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Aquatic Microbial Ecology

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AME 46:15-30 (2007)  -  doi:10.3354/ame046015

Characteristics of diazotrophs in surface to abyssopelagic waters of the Sargasso Sea

Ian Hewson1,*, Pia H. Moisander1, Katherine M. Achilles1, Craig A. Carlson2, Bethany D. Jenkins3, Elizabeth A. Mondragon1, Amanda E. Morrison1, Jonathan P. Zehr1

1Department of Ocean Sciences, University of California Santa Cruz, 1156 High Street EMS D446, Santa Cruz, California 95064, USA
2Department of Ecology, Evolution and Marine Biology, University of California Santa Barbara, Santa Barbara, California 93106, USA
3Department of Cell and Molecular Biology and Graduate School of Oceanography, University of Rhode Island, 316 Morrill Hall, 45 Lower College Road, Kingston, Rhode Island 02881, USA

ABSTRACT: The presence and expression of nitrogenase genes in diazotrophic prokaryotes has been documented in oligotrophic surface waters of the North Pacific gyre; however, there have been few investigations in other ocean basins. We initiated a study into the ecology of planktonic diazotrophs at 4 stations in the Sargasso Sea. Nucleic acid samples from the surface to 5890 m were collected on several dates between October 2003 and September 2005. Surprisingly, nifH could only be amplified from nano- and picoplankton DNA in surface waters on only 1 of 2 sampling dates at 1 station in the Sargasso Sea. Although no nifH was detected in the surface DNA samples earlier in the year at that station, Crocosphaera sp. cyanobacterial nifH was detected in enrichment cultures initiated with surface water collected at the time. In contrast to surface waters, diazotrophs were more consistently detected in deeper waters, including at several stations elsewhere globally. The nifH microarray fingerprints from the Sargasso Sea from 0, 5 and 25 m depths were remarkably consistent between samples taken 2 yr apart, but were different from fingerprints from subeuphotic waters. The results of our study suggest the presence of diazotrophic plankton in the Sargasso Sea, which is not constrained to surface waters. Furthermore, our study demonstrates that a deep-water diazotrophic flora persists in the meso- and abyssopelagic zones in the presence of high concentrations of combined nitrogen; however, the gene expression patterns of such species and their role in the N cycle remain unknown.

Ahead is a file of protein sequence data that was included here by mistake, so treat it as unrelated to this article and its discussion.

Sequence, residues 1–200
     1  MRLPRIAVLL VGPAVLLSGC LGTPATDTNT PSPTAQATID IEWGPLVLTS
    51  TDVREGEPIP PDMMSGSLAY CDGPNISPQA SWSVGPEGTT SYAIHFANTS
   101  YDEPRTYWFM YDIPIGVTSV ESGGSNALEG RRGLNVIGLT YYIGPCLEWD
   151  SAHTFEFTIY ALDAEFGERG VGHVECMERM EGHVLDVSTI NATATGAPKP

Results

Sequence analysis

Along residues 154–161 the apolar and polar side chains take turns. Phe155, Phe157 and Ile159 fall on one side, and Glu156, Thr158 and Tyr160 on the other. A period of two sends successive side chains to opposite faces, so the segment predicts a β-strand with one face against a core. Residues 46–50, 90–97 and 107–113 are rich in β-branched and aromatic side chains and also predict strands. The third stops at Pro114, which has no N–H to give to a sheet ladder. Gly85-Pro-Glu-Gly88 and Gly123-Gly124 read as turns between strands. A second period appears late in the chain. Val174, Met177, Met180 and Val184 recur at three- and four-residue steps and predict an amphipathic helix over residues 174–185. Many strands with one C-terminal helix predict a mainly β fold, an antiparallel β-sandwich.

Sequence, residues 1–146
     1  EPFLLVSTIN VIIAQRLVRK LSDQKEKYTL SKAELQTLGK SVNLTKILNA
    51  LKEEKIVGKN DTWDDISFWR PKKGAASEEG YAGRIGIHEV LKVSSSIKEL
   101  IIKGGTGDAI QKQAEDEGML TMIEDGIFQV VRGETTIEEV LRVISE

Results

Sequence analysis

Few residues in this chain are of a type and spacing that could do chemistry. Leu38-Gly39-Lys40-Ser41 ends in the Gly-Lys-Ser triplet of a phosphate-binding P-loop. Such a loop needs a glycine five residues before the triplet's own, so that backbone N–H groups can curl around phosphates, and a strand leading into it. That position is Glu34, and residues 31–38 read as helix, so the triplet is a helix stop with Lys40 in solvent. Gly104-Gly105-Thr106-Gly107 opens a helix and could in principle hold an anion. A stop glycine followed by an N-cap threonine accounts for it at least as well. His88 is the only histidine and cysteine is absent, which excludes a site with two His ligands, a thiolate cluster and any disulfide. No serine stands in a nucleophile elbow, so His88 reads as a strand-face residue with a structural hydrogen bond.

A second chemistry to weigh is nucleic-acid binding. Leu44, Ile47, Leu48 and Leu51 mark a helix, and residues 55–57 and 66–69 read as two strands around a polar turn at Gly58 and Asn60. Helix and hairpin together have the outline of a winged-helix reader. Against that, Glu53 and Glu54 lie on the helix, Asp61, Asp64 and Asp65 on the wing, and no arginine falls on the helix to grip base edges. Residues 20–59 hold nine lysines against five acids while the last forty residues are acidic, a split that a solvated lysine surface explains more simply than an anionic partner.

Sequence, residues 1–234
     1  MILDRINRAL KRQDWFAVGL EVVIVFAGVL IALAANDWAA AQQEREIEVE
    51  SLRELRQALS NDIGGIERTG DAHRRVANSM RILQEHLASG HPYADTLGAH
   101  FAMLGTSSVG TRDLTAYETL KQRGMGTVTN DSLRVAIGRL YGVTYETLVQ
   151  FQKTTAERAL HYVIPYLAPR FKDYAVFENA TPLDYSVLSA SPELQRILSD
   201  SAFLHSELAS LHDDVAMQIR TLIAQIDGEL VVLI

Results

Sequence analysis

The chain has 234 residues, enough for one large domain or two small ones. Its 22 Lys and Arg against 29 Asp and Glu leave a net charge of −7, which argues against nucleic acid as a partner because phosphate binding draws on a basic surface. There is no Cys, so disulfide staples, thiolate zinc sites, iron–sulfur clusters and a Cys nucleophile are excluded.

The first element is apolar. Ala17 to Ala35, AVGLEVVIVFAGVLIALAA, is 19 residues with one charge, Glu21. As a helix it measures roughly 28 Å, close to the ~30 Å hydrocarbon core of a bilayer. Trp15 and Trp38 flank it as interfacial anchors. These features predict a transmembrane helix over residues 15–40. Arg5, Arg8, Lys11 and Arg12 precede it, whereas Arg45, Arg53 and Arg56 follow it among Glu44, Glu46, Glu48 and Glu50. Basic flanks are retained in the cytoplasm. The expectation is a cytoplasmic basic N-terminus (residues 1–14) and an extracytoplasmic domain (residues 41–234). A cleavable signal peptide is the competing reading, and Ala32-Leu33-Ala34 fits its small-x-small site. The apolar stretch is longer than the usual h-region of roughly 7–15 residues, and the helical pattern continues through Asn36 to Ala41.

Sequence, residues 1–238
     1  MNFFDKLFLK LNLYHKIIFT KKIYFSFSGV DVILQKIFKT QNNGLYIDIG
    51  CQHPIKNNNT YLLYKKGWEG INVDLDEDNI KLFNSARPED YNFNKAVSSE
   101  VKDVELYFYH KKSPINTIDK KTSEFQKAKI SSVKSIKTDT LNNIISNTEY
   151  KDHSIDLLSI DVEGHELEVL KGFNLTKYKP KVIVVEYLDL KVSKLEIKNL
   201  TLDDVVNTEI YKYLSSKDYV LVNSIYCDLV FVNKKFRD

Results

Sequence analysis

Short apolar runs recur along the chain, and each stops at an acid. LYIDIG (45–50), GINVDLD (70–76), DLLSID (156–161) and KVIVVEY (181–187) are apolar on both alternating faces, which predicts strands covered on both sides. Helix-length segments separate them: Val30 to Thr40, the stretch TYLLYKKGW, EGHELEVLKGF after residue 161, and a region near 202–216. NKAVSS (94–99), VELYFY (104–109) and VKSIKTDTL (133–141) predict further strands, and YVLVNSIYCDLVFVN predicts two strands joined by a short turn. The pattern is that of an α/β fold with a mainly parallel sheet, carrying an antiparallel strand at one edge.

KEY WORDS: Diazotroph · Mesopelagic · Microarray · Nitrogenase · Bermuda

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